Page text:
Title

Race and Elective Joint Replacement: Where a Disparity Meets Patient Preference

UMMS Affiliation

Department of Orthopedics and Physical Rehabilitation

Date

4-1-2013

Document Type

Editorial

Medical Subject Headings

Arthroplasty, Replacement; Patient Preference; Healthcare Disparities

Disciplines

Health Services Research | Orthopedics | Rehabilitation and Therapy

Abstract

The Institute of Medicine defines disparity as the difference in health care utilization or outcome not including patient preference.(1) This definition of health disparity holds true in most cases but not all. Total joint replacement (TJR) in the management of knee and hip osteoarthritis (OA) might represent an exception to the rule. TJR, and more specifically knee and hip elective TJR, is considered to be one of the most successful treatments in the history of surgery. Today more than 700 000 TJRs are performed each year in the United States. (Am J Public Health. Published online ahead of print February 14, 2013: e1-e2. doi:10.2105/AJPH.2012.301077).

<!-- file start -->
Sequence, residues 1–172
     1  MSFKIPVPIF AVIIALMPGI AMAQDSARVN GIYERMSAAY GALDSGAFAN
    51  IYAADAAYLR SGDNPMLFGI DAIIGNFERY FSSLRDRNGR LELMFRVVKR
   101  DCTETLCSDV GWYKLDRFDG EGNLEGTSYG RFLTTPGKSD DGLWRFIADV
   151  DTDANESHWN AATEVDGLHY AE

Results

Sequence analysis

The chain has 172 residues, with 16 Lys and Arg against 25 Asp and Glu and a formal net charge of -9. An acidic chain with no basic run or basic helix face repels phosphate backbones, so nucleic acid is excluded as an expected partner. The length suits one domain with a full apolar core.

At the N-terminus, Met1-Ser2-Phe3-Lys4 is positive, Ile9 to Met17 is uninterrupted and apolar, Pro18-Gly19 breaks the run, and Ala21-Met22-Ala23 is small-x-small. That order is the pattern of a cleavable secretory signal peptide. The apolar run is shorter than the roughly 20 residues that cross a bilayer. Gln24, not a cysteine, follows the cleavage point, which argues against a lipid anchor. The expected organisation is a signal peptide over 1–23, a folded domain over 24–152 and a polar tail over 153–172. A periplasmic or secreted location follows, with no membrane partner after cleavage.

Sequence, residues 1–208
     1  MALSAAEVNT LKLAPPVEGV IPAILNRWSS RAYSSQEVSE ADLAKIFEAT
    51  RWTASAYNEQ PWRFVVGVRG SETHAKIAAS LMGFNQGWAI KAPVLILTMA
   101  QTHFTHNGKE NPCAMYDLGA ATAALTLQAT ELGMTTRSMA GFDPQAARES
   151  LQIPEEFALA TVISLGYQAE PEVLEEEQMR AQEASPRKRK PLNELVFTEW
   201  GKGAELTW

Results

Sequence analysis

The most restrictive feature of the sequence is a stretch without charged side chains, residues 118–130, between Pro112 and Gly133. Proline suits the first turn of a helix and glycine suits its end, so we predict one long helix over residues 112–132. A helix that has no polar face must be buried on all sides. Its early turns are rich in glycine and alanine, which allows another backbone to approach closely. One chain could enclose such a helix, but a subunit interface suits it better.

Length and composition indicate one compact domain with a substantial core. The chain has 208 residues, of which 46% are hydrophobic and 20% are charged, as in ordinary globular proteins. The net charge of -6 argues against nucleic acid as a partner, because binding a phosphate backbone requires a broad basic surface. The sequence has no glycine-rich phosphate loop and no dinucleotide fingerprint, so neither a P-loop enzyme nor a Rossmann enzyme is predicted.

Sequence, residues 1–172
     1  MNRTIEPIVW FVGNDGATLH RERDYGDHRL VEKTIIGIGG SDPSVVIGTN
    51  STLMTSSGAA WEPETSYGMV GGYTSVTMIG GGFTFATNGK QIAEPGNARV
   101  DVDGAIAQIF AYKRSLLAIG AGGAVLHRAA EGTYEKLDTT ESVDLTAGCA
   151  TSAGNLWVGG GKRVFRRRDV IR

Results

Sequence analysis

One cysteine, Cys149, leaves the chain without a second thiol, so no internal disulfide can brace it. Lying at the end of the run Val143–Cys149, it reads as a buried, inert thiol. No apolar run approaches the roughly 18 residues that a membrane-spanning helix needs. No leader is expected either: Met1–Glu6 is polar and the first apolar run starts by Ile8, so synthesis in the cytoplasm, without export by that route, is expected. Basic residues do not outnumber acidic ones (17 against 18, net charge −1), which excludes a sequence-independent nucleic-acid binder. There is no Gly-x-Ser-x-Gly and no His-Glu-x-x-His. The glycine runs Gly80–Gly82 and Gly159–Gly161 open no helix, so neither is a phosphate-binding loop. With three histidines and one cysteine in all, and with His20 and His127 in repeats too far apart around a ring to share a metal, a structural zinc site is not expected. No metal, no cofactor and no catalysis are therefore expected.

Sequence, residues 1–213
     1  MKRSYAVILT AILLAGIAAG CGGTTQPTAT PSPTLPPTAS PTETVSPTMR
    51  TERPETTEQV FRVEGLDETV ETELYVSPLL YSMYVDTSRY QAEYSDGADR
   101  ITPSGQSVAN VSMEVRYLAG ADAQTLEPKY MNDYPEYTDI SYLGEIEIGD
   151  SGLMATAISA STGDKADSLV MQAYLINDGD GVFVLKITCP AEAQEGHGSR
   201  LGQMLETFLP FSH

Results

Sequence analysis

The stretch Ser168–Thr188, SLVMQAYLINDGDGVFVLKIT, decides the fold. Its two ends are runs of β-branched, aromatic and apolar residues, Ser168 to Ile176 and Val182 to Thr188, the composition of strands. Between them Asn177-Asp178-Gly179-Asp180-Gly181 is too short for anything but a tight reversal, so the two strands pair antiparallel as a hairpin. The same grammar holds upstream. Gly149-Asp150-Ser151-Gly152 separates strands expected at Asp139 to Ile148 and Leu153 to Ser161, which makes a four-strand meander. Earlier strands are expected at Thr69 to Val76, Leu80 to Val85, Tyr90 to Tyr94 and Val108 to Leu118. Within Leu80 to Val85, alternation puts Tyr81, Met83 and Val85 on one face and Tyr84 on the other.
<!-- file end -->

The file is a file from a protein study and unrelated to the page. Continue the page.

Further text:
Rights and Permissions

Citation: Am J Public Health. 2013 Apr;103(4):583-4. doi: 10.2105/AJPH.2012.301077. Link to article on publisher's site

Related Resources

Link to Article in PubMed

PubMed ID

23409914